Canadian musicians Pomegranate Tiger are quite hard to pigeonhole. On the surface, they play an intensely confusing variety of proggy instrumetal that takes technicality to epic-length proportions, quite reminiscent of bands like Electro Quarterstaff or Canvas Solaris. But going a bit deeper, they also have a propensity for writing soaring, triumphal melodies that should sound familiar to fans of Scale the Summit. Mixed even deeper into all of this is a healthy appreciation for the syncopation and downtuned chugging of vocalless djent acts like Animals as Leaders or Keith Merrow. Stir well, bake at 150°C for thirty minutes, and you get their 2013 debut, Entities.
One thing that is hard to miss is how compelling the music is. The album clocks in around seventy minutes long, yet everything feels fresh and beautiful right up until the very end. It's like the band set out to make sure that no single moment of this album left you unfulfilled, making sure that every passage and individual melody is positively oozing with emotive power and pathos. The music isn't just uplifting, it makes you feel like you can take on the whole goddamned world! Arpeggios and crescendos and sweet, sweet major chords all seem to drive towards making this album as viscerally rewarding as possible.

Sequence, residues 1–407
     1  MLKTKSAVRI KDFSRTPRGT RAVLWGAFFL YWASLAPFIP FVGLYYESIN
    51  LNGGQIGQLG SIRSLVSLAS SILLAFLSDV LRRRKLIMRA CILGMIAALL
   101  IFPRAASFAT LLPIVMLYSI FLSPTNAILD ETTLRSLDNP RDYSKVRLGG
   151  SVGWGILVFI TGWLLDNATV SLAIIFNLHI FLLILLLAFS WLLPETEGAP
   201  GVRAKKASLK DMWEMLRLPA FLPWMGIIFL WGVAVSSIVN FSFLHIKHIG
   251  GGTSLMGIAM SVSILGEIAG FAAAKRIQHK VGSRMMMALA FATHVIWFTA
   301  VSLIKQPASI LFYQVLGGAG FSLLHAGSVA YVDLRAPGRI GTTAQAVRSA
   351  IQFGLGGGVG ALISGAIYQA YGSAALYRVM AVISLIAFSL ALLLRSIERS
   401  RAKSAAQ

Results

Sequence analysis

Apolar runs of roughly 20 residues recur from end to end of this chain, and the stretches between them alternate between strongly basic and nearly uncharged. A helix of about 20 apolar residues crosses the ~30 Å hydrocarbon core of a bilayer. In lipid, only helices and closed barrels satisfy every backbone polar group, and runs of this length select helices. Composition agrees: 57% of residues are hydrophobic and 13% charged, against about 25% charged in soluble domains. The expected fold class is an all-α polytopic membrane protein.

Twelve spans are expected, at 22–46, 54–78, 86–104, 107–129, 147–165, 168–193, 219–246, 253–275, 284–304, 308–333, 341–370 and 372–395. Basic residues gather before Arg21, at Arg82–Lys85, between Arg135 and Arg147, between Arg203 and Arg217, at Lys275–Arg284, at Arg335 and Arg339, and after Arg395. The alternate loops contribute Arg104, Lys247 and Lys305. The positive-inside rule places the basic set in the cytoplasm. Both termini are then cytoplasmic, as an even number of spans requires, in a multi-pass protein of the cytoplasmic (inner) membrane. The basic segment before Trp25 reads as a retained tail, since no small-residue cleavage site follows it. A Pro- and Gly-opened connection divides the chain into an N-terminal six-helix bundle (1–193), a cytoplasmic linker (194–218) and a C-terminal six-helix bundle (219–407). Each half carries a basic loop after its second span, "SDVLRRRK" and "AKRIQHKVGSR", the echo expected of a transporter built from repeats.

Shorter songs like "Stars" and "Mountains in the Sky" tend to be the most gutturally effective pieces, drooling with high levels of energy and movement that are concentrated to the pure. Their longer tracks like "New Breed", "Sign of Ruin", and "Ocean" are less straightforward, tending to take their time in building up their power. But don't dismiss them up front; once they get where they are going, the reward is even greater. Even the shorter interlude tracks (like "Drifting" and especially the closer "Regenesis") betray the large amount of thought put into fitting their delicate pieces together. The result is a musically varied ride whose satisfaction cannot be understated.
I will admit, if you don't like instrumental metal (or music that is needlessly technical), then Entites won't be for you--despite the evident proficiency of the musicians and awe to be found in their music, it's not the kind of material that will convert a nonbeliever. That said, any metal fan, especially of djent, progressive, or tech, should hear this album. It's a stupefyingly fantastic debut from a band that I can only hope we hear more from.
(Oh, and before I conclude, can I just point out that the cover artwork for this album is fucking amazing? Forefathers really nailed the aesthetics on that piece.)
Recommended if you like: Scale the Summit, Animals as Leaders, Canvas Solaris
9.0 / 10
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